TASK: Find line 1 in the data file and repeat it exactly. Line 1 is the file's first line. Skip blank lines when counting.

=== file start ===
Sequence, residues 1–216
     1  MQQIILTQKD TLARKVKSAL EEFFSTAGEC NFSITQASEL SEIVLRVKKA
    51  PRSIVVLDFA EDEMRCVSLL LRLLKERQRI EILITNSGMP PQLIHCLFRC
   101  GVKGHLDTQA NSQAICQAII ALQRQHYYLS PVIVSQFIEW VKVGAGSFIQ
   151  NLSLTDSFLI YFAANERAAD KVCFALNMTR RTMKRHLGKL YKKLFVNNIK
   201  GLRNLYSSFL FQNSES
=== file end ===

Sequence, residues 1–216